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Could Your Dog Be a Canine Blood Donor?

We’re all familiar with the need for human blood donors, many of us have given blood or do so regularly, knowing that our healthy blood could mean the difference between life and death for another person in need. But, many people don’t realize that dogs need blood donors, too.

blood donorWith a short visit to your veterinarian every few months, your dog can be a hero.

Just like humans, when dogs (and cats!) have an injury, become ill, or need surgery, a blood transfusion could save their lives. Without the generosity of canine blood donors, many of those pets would not survive.

That’s why more and more pet parents, along with their veterinarians are getting on board with donating their healthy dog’s blood. A single canine blood donation can be used to save up to 4 dogs’ lives! There are 3 canine blood banks in the nation, and they’re are all in low supply.

Can Any Dog Give Blood?

Requirements for canine blood donors may vary, but typically are as follows:
– A healthy dog weighing 35 pounds or more;- Between the ages of 9 months and about 9 years old;
– Must be spayed or neutered, with no history of pregnancy;
– Must have no history of disease and not taking any medications;
– Must be taking a heartworm preventive;
– Must be current with veterinarian’s preventive health and vaccination schedule.
– It is recommended that candidates be well-behaved and friendly to avoid the need for sedation.

Because canine blood only has a shelf life of about a 30 to 35 days, supplies need to be constantly replenished. When a donor dog is approved to give blood, he usually donates about every month-and-a-half to two months.

What is the Process Like For My Dog?

A typical donation takes about 10 to 30 minutes. The dog is placed on a table, normally laying on his side, while a technician gives him lots of love and attention. A small patch of fur on the dog’s neck is shaved, and a tiny needle is used to collect the blood. Most dogs don’t feel a thing, and are just thrilled for the extra love and attention.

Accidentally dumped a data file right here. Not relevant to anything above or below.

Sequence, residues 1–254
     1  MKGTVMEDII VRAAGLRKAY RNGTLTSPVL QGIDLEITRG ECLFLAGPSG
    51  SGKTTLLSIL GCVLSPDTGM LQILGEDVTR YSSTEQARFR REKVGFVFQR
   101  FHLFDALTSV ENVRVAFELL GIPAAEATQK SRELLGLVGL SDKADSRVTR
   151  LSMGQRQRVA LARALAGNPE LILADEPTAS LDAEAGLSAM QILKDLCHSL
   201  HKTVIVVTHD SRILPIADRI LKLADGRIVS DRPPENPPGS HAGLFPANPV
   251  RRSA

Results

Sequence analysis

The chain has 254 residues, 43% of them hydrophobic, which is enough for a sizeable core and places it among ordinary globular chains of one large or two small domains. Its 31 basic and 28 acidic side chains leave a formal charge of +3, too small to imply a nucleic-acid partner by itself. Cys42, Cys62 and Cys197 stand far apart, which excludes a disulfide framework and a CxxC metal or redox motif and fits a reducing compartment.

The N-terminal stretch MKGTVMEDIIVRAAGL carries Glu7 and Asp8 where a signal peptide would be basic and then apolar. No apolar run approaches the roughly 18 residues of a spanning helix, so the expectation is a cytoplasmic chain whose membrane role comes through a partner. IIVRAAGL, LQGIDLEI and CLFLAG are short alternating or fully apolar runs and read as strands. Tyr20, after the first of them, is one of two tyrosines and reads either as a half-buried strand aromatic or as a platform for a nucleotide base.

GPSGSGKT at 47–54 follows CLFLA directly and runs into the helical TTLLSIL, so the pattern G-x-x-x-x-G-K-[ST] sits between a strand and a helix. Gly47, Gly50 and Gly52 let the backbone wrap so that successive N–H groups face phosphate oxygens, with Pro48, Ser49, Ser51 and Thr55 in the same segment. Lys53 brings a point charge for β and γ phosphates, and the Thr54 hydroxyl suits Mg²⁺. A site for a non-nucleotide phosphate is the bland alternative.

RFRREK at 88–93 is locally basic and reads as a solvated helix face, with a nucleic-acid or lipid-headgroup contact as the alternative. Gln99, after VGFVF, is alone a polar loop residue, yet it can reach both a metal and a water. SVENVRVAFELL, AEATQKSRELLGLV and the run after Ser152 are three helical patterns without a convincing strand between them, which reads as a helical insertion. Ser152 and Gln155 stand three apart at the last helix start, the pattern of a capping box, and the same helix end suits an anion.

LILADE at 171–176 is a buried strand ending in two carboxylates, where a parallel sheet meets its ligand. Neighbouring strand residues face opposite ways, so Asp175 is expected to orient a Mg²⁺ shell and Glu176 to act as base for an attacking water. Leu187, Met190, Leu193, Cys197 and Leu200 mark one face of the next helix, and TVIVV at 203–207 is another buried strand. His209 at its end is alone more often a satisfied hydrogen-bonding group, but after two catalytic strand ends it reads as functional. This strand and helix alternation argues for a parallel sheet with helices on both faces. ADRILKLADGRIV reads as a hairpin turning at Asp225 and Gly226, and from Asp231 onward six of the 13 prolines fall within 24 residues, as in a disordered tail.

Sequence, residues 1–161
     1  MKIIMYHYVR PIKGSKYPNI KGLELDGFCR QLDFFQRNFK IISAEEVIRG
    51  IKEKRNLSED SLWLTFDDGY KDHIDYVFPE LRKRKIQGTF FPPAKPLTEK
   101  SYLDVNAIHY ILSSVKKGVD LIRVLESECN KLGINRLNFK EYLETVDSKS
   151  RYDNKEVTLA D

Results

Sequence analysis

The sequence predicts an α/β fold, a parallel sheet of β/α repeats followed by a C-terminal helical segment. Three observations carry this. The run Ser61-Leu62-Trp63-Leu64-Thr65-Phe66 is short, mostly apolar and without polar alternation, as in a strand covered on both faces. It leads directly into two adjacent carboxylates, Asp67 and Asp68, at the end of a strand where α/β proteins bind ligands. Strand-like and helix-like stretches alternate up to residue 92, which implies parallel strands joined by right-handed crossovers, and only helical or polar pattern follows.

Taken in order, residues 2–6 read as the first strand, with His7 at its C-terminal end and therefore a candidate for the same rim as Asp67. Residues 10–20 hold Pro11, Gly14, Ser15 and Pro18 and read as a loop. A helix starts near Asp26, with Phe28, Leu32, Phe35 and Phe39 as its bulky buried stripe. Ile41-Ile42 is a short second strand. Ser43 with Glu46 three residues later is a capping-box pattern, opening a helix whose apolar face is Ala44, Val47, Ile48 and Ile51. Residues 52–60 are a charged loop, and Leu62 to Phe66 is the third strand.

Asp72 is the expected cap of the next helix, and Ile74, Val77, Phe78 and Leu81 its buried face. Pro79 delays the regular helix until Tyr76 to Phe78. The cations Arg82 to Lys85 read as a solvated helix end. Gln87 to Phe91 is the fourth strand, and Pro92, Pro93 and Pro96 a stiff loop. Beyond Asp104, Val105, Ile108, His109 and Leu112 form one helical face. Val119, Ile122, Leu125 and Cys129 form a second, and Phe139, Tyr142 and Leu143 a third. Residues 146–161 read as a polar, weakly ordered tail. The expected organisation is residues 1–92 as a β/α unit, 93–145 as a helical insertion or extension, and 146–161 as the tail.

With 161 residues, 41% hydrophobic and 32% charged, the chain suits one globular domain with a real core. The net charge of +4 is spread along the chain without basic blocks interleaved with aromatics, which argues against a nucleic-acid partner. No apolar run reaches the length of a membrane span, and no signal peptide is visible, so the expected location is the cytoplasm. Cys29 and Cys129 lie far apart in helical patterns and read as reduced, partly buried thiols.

As soon as blood is drawn, the dog’s body begins to produce more to replace it. Donors are given plenty of water and yummy snacks immediately after donating. While some dogs may be sluggish or weak after donating, others have no reaction at all – every dog is different. Overall, dogs recover much more quickly from a blood donation than humans do.

Many blood donor programs offer special perks for donors, too. Those perks range from free veterinary services, to gift certificates, discounts, and more. But, the biggest perk of all is to help save dogs’ lives!

What if your dog needed blood in an emergency, but none was available? Talk to your veterinarian about becoming a canine blood donor!

13 Comments

13 Comments

  1. Dorene

    Jun 14, 2017 at 5:36 pm

    Can a dog use human blood if it was needed? Or if there a difference between human and animal blood. If it would same my animal I would gladly donate for that reason.

  2. Sandra Dent

    Jan 20, 2017 at 3:28 pm

    Both of our dogs donate. Our canine blood bank is the Blue Ridge Veterinary Blood Bank (brvbb.com) out of Purcellville, VA.
    The donor dogs are all healthy pets that live normal lives. Some are active in dog shows or events, others are therapy and visitation dogs and many are just family pets. There are a few requirements to be met before your pet can donate, and they keep close touch with your veterinarian.

    Our boys look forward and are very excited and happy to donate. Trust me, a 60 or 70 lb, Golden Retriever that does not want to do something, cannot be made or forced to do it. It is always a positive experience for them.

  3. Gage

    Apr 7, 2016 at 3:09 pm

    Good, finally we can save our FBFFL (Furry Best Friends For Life) after they had a horrendous accident. Thank you soooooooo much vets for caring for our bundles of joy and love!